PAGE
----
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The pullback in the US dollar in the wake of the more-dovish-than-expected Fed minutes alongside a bounce in commodities in the Asian session seems to have renewed investor appetite for the Aussie dollar.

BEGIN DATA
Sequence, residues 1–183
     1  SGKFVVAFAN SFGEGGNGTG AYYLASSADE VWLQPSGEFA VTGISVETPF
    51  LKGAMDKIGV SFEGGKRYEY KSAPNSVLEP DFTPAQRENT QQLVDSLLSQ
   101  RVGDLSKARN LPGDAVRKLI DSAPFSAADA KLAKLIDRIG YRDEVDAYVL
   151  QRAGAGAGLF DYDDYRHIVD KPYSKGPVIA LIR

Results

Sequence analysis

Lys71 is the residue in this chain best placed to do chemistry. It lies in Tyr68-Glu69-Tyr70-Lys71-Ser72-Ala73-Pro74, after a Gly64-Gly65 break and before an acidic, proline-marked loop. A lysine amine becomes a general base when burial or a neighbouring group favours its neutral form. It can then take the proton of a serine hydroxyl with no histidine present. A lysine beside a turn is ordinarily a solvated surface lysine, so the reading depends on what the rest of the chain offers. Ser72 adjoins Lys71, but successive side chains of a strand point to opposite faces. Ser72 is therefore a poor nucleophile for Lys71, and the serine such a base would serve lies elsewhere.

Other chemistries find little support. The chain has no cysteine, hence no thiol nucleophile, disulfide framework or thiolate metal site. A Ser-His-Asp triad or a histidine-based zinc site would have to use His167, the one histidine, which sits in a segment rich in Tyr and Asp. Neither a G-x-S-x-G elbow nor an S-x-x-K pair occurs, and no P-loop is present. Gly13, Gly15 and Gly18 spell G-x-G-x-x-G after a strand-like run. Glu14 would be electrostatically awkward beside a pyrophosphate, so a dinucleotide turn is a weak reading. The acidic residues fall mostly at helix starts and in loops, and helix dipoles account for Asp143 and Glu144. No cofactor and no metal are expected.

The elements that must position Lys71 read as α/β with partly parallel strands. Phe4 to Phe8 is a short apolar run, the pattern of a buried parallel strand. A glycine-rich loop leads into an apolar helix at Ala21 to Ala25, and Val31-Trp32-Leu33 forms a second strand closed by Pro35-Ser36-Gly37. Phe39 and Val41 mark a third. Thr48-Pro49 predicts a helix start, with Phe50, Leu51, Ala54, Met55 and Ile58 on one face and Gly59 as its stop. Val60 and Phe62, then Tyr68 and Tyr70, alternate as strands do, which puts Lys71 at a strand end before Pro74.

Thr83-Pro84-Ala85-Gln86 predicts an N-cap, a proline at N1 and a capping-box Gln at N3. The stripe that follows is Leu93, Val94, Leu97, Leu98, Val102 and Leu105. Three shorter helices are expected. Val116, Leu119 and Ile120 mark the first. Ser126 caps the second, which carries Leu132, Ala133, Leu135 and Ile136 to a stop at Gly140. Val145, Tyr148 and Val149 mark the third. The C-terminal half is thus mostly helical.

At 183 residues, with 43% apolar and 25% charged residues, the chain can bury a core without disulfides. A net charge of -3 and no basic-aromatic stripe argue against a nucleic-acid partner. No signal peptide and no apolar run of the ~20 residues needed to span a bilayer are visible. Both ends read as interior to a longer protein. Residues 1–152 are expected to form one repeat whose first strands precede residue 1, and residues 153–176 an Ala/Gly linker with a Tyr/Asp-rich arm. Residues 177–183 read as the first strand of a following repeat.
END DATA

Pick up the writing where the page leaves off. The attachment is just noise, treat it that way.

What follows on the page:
In a way, it’s odd for the Aussie dollar to rally so much on domestic data, considering the RBA recently cut interest rates, painted a dismal picture on the outlook for inflation and made a fairly good case for two more rate cuts to happen over the next twelve months and the AUD only rallied in response. The support for the Aussie dollar is much more a reflection of the macro picture. The USD has steadily sold off after its big 2Q GDP miss as expectations for a rate rise in 2016 continue to ebb away. As the prospect for a rise in US yields dissipates and Bank of England (BoE), European Central Bank (ECB) and Bank of Japan (BoJ) bond buying continues to depress yields, the yield appeal of the AUD continues to hold. But also as central banks strain at the bounds of monetary policy, calls have been growing louder for governments to step in and pull their weight by upping fiscal spending. The prospect for fiscal spending to kickstart a pickup in the industrial cycle is being met with resounding support in commodity prices. And the AUD, as a commodity currency, is also a key beneficiary of the steady push towards more global fiscal intervention. In such a scenario, there is a good chance the AUD breaks through US$0.78, maybe even moving up to US$0.80 if we see some key misses in US data.